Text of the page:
Knowledge at Wharton: What do you think will be the implications for other currencies like the dollar or the euro?
Allen: In the long run, we'll move towards a multi-polar financial system where the dollar will lose its primacy as the only currency.
The euro had moved up significantly in recent years, of course, but that's now threatened by the problems in Europe. My own guess is that there will be a bumpy road ahead for the euro, but I don't expect it to disappear.
In the long run, I expect there to be three global currencies. The U.S. dollar will presumably still play the lead role, but there will be two major alternatives — the euro will be used widely in Europe and to some extent in Africa, and the RMB will be used in Asia and maybe also in Africa. And then the dollar will be used in North America and Latin America.
Knowledge at Wharton: How do you see the Chinese economy evolving over the next 10 years? What will be the major implications for other countries?
Allen: China will continue to grow. The IMF predicts that it will overtake the U.S. in terms of GDP and purchasing power parity in 2016, so we're not that far away. With all the dislocation in the world economy, it may happen sooner or slower than that, but at some point in the next 10 years, China will become the largest economy in the world.
The big issue is how much bigger than the U.S. will the Chinese economy get, and what is the time frame for that. Within 20 to 30 years, China may well be a multiple of U.S. GDP, and this is going to have enormous consequences for the U.S. and for other countries in the world. The U.S. may grow and increase its growth rate by allowing more immigration and those kinds of things. But the way that people think about the world will change significantly if China does indeed become the largest economy.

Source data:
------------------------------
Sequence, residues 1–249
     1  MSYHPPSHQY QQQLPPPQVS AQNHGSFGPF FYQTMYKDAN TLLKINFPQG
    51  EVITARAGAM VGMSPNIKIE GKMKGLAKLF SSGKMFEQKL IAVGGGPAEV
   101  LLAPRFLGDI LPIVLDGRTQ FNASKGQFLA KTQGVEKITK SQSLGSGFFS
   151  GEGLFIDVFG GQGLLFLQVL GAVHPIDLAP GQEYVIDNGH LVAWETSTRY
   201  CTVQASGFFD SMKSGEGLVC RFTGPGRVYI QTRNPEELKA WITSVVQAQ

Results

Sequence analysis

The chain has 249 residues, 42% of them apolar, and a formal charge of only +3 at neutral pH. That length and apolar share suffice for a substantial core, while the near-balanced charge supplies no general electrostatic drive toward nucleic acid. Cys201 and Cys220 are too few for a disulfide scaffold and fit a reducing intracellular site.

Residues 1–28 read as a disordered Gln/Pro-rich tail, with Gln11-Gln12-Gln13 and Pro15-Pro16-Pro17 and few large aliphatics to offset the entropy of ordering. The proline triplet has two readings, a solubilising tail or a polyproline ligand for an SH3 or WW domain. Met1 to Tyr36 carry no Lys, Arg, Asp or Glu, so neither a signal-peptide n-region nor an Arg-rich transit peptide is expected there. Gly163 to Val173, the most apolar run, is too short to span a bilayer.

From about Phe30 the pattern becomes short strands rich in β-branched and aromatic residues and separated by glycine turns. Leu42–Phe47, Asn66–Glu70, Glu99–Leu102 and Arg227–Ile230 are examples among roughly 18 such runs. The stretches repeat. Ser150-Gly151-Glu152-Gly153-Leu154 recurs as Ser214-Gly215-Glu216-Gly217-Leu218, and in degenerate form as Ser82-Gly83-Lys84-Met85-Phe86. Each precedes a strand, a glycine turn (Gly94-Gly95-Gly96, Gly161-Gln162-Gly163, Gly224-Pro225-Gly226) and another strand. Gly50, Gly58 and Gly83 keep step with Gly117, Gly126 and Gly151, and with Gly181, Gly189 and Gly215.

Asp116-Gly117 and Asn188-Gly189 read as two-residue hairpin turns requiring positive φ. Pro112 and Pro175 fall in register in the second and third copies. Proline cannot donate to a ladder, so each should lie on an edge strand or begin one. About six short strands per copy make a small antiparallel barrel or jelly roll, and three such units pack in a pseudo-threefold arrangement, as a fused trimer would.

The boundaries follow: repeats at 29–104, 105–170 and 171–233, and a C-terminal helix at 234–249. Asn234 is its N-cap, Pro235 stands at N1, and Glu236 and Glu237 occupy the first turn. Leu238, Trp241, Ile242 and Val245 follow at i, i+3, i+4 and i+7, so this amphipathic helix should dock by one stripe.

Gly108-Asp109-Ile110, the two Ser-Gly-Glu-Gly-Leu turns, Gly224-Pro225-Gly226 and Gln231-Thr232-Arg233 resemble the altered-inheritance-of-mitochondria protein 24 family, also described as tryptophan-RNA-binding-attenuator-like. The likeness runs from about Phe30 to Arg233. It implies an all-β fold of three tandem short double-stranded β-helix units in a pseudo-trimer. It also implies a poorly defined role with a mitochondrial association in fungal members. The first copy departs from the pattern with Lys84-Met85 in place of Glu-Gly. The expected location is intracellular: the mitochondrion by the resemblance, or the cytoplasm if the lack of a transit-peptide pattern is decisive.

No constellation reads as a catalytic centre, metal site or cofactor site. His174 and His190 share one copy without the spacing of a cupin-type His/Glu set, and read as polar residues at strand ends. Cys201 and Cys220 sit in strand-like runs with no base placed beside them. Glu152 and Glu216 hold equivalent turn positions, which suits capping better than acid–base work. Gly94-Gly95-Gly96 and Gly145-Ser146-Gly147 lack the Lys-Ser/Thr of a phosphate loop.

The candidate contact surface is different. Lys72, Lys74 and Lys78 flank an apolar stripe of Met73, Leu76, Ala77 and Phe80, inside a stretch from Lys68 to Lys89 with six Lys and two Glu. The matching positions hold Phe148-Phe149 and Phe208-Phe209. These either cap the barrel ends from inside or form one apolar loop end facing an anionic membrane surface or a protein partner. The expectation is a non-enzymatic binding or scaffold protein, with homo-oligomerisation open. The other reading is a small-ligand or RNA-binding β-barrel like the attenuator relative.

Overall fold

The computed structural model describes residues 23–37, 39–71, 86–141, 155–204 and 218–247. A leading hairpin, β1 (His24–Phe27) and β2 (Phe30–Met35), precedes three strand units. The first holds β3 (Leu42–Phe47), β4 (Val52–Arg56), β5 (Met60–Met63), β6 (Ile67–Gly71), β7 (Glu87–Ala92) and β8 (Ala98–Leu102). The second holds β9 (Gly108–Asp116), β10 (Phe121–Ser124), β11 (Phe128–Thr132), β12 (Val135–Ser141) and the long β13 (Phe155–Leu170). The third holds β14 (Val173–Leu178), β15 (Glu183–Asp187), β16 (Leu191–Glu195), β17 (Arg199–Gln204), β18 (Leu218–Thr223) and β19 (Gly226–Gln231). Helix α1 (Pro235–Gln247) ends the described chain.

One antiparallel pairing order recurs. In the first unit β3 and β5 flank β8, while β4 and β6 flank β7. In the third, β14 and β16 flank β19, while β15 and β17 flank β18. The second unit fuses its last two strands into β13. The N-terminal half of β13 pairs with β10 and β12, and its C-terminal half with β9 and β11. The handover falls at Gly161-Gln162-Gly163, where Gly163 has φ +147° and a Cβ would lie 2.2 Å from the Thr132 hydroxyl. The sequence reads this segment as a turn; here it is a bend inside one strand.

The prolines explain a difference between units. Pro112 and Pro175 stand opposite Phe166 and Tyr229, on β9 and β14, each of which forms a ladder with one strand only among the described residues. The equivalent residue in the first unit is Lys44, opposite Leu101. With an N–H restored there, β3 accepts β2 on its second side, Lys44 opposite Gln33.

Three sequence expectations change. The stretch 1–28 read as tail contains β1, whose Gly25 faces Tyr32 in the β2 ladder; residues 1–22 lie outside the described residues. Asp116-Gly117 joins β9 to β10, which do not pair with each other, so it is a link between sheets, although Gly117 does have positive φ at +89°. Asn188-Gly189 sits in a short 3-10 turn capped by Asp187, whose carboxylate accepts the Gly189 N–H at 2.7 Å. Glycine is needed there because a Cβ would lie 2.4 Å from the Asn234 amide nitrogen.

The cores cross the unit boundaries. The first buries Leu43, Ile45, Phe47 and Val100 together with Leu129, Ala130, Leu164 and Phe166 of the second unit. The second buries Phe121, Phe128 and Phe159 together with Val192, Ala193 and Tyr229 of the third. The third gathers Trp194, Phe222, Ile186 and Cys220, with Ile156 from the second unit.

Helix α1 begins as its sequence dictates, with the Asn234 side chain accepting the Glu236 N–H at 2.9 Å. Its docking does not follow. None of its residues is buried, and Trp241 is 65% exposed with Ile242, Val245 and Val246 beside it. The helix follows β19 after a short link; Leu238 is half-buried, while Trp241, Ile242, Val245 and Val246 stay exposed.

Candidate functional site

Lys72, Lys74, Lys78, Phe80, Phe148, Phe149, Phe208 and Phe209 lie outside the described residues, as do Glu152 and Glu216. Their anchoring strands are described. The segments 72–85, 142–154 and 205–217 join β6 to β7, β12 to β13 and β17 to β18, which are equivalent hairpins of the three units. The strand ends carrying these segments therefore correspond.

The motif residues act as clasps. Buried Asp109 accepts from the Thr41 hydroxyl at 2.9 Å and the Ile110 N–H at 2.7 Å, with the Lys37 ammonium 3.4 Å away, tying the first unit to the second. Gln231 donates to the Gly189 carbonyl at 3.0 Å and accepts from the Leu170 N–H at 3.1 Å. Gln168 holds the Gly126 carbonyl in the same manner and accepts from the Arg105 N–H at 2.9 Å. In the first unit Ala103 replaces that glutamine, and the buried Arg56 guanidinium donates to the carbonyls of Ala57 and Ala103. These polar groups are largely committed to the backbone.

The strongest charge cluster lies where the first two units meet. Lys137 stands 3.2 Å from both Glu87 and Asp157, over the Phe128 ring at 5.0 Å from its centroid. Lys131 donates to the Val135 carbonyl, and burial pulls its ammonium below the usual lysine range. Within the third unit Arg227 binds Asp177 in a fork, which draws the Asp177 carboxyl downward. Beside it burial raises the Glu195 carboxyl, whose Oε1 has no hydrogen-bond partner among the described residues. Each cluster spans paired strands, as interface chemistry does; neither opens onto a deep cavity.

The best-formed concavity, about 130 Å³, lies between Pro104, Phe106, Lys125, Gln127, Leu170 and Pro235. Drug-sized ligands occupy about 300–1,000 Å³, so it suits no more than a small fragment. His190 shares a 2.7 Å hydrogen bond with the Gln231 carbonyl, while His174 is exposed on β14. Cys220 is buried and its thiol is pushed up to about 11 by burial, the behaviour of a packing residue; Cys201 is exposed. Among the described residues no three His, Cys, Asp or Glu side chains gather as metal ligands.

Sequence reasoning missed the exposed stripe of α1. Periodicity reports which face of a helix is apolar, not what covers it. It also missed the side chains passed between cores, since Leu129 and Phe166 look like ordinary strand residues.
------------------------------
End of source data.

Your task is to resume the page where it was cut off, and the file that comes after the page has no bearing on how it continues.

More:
Knowledge at Wharton: What could be the consequences for the U.S. economy, Europe and other parts of Asia?
Allen: The big issue is going to be competitiveness. At the moment, as we discussed a few minutes ago, China doesn't have a lot of brand names or a lot of well-known corporations. China had intended to develop a high-tech sector. One way it is doing that is through partnerships with companies like Sweden’s Ericsson, which signed a big contract with Chinese phone companies [China Mobile and China Unicom]. However, there have been setbacks, and the Chinese need to think hard about how to build their credibility in the high-tech sector. That will take some time, and clearly that's the area where the U.S. and Europe are still able to compete in a significant way.
Knowledge at Wharton: Do you see internal risks within China that could destabilize growth over the next 10 years? For example, do you see risks in real estate or in the financial system that could in effect puncture the growth prospects?
Allen: What we're seeing in the Chinese economy at the moment is a bursting of the real estate bubble in some parts of the country. That will have an effect on the financial system, but as long as China is able to keep growing at 7% to 8%, it can grow out of these issues, and I expect that to happen. There will be a bumpy time, but I don't expect the long term to be significantly affected.
Knowledge at Wharton: Any final words of advice for companies around the world on what their China strategy should be over the next decade?
Allen: I think they should be involved in China but they should hedge their risks and be involved in many places around the world.